SEC targets investors who bet on death
Offshore hedge funds call it an investment maturing.
Human beings call it death.
And that's why the Securities and Exchange Commission is recommending Thursday far stricter regulation of life settlements. This macabre investment allows hedge funds and other investors, many of them offshore, to bet on when people will die. The investors pay a lump sum to a person with a life insurance policy. And then the investors effectively "own" the life insurance policy, paying the annual premium but collecting the payout when the insured person dies.
The calculation for investors is simple: Will the person selling the life insurance policy die soon enough so that the lump sum and annual premiums aren't greater than the ultimate payout?
For certain, the right to sell your life insurance policy is part of U.S. law (see 1911 Supreme Court decision Grigsby v. Russell.) Many point out that AIDS patients in the 1980s sold their life insurance policies to raise money to pay for treatment to make their lives more comfortable until the day they died. And there is any number of reasons to defend the right to sell your settlement. The market was $7 billion in 2009 and some have estimated it will grow 10-fold in the next decade.
But there's no doubt that this is an area ripe for abuse. Even CNN host Larry King apparently got snookered. The settlements are regulated in a very limited way at the federal level, and states have a range of conflicting statutes. Some states have none. That's why the SEC wants Congress to amend the federal securities laws to treat the settlements like securities--stocks and bonds--and inflict a rigorous regime of disclosure and business conduct standards to people who buy and sell them.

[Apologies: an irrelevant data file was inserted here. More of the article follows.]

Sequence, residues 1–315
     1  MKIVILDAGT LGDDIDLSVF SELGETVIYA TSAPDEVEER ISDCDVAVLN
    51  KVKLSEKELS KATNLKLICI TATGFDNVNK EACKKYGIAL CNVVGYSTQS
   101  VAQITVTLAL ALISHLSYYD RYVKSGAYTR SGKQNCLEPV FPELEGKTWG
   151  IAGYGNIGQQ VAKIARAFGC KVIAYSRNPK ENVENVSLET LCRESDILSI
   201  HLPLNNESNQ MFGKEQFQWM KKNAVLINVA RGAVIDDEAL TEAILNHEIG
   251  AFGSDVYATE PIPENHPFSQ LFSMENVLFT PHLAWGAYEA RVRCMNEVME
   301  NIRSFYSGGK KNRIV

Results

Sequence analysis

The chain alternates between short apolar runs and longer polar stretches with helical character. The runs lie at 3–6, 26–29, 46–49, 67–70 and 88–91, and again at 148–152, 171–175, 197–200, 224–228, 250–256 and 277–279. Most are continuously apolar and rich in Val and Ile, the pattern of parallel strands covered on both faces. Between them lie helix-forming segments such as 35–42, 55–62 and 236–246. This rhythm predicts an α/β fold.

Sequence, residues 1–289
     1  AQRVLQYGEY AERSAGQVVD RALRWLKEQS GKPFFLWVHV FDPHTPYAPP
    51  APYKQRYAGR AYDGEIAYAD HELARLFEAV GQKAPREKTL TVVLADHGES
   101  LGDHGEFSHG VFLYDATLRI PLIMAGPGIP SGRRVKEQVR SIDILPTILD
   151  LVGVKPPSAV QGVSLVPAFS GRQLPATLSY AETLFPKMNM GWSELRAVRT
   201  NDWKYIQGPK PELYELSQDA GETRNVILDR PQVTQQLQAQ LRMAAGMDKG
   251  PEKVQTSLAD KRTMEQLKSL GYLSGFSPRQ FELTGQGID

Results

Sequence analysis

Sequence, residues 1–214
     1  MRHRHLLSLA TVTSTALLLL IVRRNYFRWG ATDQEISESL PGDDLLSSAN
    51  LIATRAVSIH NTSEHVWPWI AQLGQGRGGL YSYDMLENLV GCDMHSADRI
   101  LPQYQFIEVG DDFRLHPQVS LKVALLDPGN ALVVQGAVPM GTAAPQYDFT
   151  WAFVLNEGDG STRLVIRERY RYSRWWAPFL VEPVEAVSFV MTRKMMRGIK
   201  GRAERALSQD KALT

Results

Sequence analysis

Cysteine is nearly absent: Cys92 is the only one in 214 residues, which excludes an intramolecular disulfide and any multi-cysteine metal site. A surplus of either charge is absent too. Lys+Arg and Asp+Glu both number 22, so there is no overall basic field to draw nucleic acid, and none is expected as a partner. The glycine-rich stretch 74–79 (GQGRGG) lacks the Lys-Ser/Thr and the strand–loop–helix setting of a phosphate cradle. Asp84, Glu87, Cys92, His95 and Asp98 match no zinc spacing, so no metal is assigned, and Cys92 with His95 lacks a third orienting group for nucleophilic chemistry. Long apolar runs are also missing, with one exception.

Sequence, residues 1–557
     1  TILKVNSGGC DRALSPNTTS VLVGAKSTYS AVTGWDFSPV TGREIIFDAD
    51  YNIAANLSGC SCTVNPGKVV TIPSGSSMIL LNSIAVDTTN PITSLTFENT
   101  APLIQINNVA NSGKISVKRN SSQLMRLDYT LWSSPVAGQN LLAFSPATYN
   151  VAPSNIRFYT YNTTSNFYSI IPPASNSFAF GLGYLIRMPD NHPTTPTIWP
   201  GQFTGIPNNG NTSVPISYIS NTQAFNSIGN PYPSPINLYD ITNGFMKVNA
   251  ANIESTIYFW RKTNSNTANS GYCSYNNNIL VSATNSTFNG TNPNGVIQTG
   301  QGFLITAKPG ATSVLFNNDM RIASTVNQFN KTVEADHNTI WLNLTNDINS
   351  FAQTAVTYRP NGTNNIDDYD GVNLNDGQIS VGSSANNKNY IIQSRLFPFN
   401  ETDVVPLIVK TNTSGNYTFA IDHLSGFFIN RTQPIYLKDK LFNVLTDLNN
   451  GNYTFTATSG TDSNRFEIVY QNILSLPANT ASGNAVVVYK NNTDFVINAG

It's hard to see an argument against increased regulation, but it seems that the dark nature of this market might already be cramping the life settlement business. The market has already shrunk from a height of $12 billion several years ago. And key financial companies that had been involved in the business--including Goldman Sachs and Deutsche Bank--have either downsized their interest in the area or got out of it altogether.
* Read the SEC study on life settlements.
* Read a GAO study on life settlements.
Follow me on Twitter @Goldfarb.
Zachary A. Goldfarb
July 22, 2010; 2:27 PM ET
Save & Share: Previous: A more powerful SEC
Next: Dell to pay $100 million to settle SEC fraud charges
The comments to this entry are closed.